Robinson (1993: 118-119) notes that apart from the changing teacherís role in the class this new environment generates a number of further teacher concerns over issues of control, competing priorities with curriculum, external exam pressures, integration into classroom life, teacher collaboration and resource issues. All of these have been experienced at the E.L.I. combined with initial fear of technology and the fact that while some are in the process of moving into Penningtonís stage six other teachers may still be in stage four or five. This is, however, rapidly changing. New teachers, especially when younger, arrive at the school with the necessary basic skills. Even older teachers are increasingly buying computers for home use and thus gaining skills outside of the educational context. The move to universal literacy is indeed fast and clearly underway.
Notwithstanding, computer literacy is only one (and an increasingly less important as it becomes more available) teacher concern. The others listed above are all valid and many will remain for some time although as a recent survey with teachers has shown, even if reluctant, teachers in general believe technology will play an increasingly prominent role in the language classroom. The key to resolving teachersí doubts and problems is one of training and back-up.
The school has had an extensive teacher training program which, quite logically (as teachers gain experience), has moved from exploring the computer mechanically to discussing how exactly it can be incorporated pedagogically into classroom usage. Even still, the majority of lessons have been pre-prepared by one person requiring little preperation from individual teachers before taking a class for a computer-orientated lesson. As confidence and experience have grown teachers have been developing their own lesson plans but only on an irregular basis. The adaptation, exploration and development of new technologies for day to day use can be very time consuming for an already busy teacher as Fox, Labbett, Matthews, Romano-Hvid & Schostak (1992: 11) point out. Nevertheless, as we move further into universal computer literacy teachers will increasingly develop what Eastment (1998) refers to as "core skills", the ability to search for material, evaluate, create and integrate CD-ROM or internet materials which are relevant and useful for their particular context or needs. Development of these core skills will, however, depend on training which is all too frequently not considered when institutions draw up budget for new computer soft and hardware.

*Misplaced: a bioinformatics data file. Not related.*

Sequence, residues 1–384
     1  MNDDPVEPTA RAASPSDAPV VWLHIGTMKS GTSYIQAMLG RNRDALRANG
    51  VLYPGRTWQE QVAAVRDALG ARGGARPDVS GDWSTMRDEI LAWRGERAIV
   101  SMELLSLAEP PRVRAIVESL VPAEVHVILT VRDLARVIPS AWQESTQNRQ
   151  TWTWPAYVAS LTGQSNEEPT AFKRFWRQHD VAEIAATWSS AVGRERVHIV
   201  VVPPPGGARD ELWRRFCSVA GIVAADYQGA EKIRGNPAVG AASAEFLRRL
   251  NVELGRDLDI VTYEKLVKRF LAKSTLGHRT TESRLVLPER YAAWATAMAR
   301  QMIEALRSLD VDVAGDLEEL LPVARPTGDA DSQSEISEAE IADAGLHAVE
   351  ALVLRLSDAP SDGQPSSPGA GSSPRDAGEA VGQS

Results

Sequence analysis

While multimedia material and computers in general may be a tool which some schools invest more heavily in than others, internet is beginning to define a future which will demand computer access and usage of all language learners and teachers. In Seville the majority of teenagers have still had very limited access to internet but among university students and working adults use of internet is quite extended. Indeed, within these groups it is quite clear that the first thing these students will read outside of the classroom in English will be on the World Wide Web while their first authentic English writing will be in the form of an email. To an extent the internet is increasing the demand for knowledge of English and will certainly require schools and syllabuses to deal with the English skills necessary for internet manipulation. Experience at E.L.I. proves Eastment (1999: 3) correct when he says that "Internet access is becoming the rule, rather than the exception" within the ELT community.